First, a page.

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into the cross, at Stonington, on a market have said, a daughter of Lord Ascot, a day, and boldly proclaimed the Pre- Staunton, as staunchly Protestant a tender King. It soon got about that house as any in England. She, however, “the Squire” was making a fool of managed to fall in love with the handhimself, and that there was some fun some young Popish Squire, and to elope going ; so he shortly found himself sur- with him, changing not only her name, rounded by a large and somewhat dirty but, to the dismay of her family, her rabble, who, with cries of "well done, old faith also, and becoming, pervert-like, rebel !"and“ hurrah for the Pope !” escort- more actively bigoted than her easyed him, his terror-stricken butler and his going husband. She brought little or shame-stricken grooms, to the Crown and no money into the family; and, from her Sceptre. As good luck would have it, portrait, appears to have been exceedthere happened to be in the town that ingly pretty, and monstrously silly. day no less a person than Lord Segur, To this strong-minded couple was the leading Roman Catholic nobleman born, two years after their marriage, a of the county. He, accompanied by son, who was called Densil. severål of the leading gentlemen of the This young gentleman seems to have same persuasion, burst into the room got on much like other young gentlewhere the Squire sat, overpowered him, men till the age of twenty-one, when it and, putting him bound into a coach, car- was determined by the higher powers in ried him off to Segur castle, and locked conclave assembled that he should to him up. It took all the strength of the London and see the world; and so, havPopish party to save him from attainder. ing been cautioned duly how to avoid The Church rallied right bravely round the flesh and the devil, to see the world the old house, which had always assisted he went. In a short time intelligence her with sword and purse, and never came to the confessor of the family, and once had wavered in its allegiance. So, through him to the father and mother, while nobler heads went down, Ambrose that Densil was seeing the world with a Ravenshoe's remained on his shoulders. vengeance; that he was the constant Ambrose died in 1759.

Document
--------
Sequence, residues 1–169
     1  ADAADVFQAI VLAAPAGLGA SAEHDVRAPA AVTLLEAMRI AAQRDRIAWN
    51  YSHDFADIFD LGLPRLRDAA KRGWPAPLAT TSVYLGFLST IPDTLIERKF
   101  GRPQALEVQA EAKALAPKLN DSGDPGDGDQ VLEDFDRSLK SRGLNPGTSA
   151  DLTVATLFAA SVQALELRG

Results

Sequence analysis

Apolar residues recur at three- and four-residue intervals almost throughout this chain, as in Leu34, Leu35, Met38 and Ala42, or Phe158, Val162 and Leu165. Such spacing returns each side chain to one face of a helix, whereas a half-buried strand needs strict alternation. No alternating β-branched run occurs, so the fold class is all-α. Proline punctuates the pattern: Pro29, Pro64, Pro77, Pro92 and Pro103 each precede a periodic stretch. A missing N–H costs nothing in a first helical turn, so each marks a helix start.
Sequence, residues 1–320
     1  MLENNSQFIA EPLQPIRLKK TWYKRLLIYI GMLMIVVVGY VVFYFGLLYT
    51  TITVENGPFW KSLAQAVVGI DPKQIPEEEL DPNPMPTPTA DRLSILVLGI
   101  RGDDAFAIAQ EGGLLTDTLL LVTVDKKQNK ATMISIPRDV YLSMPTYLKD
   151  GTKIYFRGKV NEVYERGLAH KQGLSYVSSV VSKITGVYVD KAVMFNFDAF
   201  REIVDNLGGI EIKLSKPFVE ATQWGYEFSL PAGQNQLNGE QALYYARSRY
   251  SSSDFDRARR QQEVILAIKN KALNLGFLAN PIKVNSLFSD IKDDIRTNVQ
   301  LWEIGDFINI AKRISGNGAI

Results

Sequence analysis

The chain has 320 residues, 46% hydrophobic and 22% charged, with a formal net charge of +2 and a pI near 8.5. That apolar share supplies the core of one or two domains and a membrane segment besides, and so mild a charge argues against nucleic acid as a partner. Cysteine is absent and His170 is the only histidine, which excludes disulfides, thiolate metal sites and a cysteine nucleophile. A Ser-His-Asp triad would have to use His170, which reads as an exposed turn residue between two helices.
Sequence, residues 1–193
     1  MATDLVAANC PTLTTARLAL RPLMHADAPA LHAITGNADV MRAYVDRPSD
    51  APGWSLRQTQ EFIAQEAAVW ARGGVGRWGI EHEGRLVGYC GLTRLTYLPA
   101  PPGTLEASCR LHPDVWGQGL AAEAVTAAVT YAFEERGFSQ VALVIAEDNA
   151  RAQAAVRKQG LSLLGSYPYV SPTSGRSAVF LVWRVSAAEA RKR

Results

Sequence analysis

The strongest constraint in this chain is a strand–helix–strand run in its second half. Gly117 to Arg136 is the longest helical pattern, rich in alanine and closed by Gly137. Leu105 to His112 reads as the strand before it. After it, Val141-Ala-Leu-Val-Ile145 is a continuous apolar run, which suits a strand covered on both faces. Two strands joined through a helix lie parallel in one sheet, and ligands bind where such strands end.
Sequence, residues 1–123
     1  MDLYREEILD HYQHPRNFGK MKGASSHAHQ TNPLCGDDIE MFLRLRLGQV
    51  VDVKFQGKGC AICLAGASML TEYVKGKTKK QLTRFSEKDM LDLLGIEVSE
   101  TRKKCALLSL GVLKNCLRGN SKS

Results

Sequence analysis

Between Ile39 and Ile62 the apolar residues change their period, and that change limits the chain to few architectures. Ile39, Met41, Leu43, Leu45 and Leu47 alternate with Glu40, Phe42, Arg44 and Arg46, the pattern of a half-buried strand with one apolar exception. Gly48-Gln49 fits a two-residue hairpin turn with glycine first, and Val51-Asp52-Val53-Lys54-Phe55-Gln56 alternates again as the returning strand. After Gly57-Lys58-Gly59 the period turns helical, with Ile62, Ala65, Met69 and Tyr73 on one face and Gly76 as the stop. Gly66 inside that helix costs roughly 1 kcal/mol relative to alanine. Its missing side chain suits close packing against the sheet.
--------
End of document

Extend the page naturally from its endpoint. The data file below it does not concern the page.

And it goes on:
companion of the right honourable John (Monseigneur) in 1771.
Viscount Saltire, the great dandy of the Howard in 1800. He first took the Radical Atheist set, with whom no man Claycomb hounds.
might play picquet and live ; that he Petre in 1820. He married Alicia, had been upset in a tilbury with only daughter of Charles, third Earl of Mademoiselle Vaurien of Drury-lane at Ascot, and was succeeded by Densil, the Kensington turnpike; that he had fought first of our dramatis personæ—the first the French emigré, a Comte De Hautenof all this shadowy line that we shall see bas, apropos of the Vaurien aforemenin the flesh. He was born in the year tioned,-in short, that he was going on 1783, and married, first in 1812, at his at a deuce of a rate : and so a hurried father's desire, a Miss Winkleigh, of council was called to deliberate what whom I know nothing; and second, at was to be done. his own desire, in 1823, Susan, fourth “He will lose his immortal soul,” said daughter of Lawrence Petersham, Esq., the Priest. of Fairford Grange, county Worcester, “He will dissipate his property,” said by whom he had issue
his mother. Cuthbert, born 1826.
“ He will go to the devil,” said his Charles, born 1831.
father. Densil was an only son. His father,
So Father Clifford, good man, was dea handsome, careless, good-humoured, spatched to London, with post horses, but weak and superstitious man, was
and ordered to bring back the lost sheep entirely in the hands of the priests, who vi et armis. Accordingly, at ten o'clock during his life were undisputed masters one night, Densil's lad was astounded of Ravenshoe. Lady Alicia was, as I by having to admit Father Clifford, who